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Note

See also [Upgrade Assistant](🔗) which is a tool that automates the transition from an ASP.NET Standard project to an ASP.NET Core project.

Microsoft has the following guidelines for migrating to ASP.NET Core: [Overview of porting from .NET Framework to ASP.NET Core](🔗).

If your add-on contains views, configure the the assembly for precompiled views by changing the SDK type for the project to Razor as:



You should also add the following property to the _.csproj_ file:



## Views locations

To avoid collisions in view locations with the partner website, you should store the views for the app (add-on) under a custom folder in the project. If not specified, the default convention is that views are stored under a top folder `<AddonName>.Views`, like this:



You also can specify `viewFolder` in _module.config_, like this:



In that case, the views in the project should look like this:



## Precompiled views

A shell module or add-on can have views that are distributed as content together with the module/add-on and then at runtime the views are located through an `IFileProvider` (previously `VirtualPathProvider`). You can still have views located and compiled at runtime but that requires that the application enables the runtime compilation. The modules/add-on should precompile the views and distribute them in an assembly (typically named _<addon>.Views.dll_) instead.

To avoid risk for view conflicts with application/other apps (add-ons), CMS adds, by default, a view location expander that searches for views in location _<moduleName>.Views/Views_. You can also use the `viewFolder` attribute in _module.config_.

## Access rights

Previously, shell modules were protected by a configuration for the shell location in _web.config_ (typically path _/EPiServer_). Instead, each endpoint that is registered for a shell module is associated with a policy.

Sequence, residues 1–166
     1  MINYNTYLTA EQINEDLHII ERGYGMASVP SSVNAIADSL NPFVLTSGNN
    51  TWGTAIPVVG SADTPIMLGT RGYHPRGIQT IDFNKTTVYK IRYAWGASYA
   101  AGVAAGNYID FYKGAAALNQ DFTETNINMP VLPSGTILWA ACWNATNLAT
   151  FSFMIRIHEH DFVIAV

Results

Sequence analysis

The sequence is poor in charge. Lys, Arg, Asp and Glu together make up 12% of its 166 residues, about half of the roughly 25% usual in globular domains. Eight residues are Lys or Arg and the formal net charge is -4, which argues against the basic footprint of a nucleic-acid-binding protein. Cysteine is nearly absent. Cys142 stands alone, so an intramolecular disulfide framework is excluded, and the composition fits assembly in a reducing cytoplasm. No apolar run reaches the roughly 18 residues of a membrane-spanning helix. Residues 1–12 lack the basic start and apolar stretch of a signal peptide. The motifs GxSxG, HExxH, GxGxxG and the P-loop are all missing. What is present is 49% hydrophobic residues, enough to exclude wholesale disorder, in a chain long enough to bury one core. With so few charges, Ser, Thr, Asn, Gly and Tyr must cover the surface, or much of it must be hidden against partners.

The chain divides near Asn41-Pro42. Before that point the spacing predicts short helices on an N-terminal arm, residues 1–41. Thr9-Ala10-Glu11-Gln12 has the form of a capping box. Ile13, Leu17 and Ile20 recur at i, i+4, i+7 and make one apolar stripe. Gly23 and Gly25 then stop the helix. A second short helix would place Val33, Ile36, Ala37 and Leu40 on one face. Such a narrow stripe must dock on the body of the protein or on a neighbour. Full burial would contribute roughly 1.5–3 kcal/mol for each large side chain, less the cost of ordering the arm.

You can specify the policy to use for the module through the `authorizationPolicy` attribute in _module.config_. If you do not specify a value for `authorizationPolicy`, a module's endpoints are registered with `ShellModule.DefaultShellModulePolicy`, which requires that user is part of any of the following roles: **WebEditors**, **WebAdmins**, **CmsAdmins**, or **Administrators**.

## JSON Serialization

In an ASP.NET Core application, a “global” serializer is registered (by default from _System.Text.Json_ but you can configure it as NewtonSoft). Use the global serializer for model binding of posted data when you use the `[FromBody]` attribute and when data is returned using OK result, or automatic `IActionResult` conversion.

You should not rely on the global serializer for add-ons or modules because the end application can configure it in different ways (such as pascal or camel-casing). You should let each module register its own preferred serializer.

If no specific configuration is needed, then it can be specified in \*module.config\*\* using the `moduleJsonSerializerType` attribute.

  • Enter the **Net** value to specify the built-in serializer in net core.

  • Enter **Newtonsoft** to use **Newtonsoft.Json**.

  • If the module or app requires a custom configuration then it can set a **None** value and instead call either extension method (to `IServiceCollection`), `UseSystemTextJsonSerialization`, or `UseNewtonsoftSerialization`.

The extension methods let the serializer have a custom configuration. You can register a serializer per assembly but also override per type.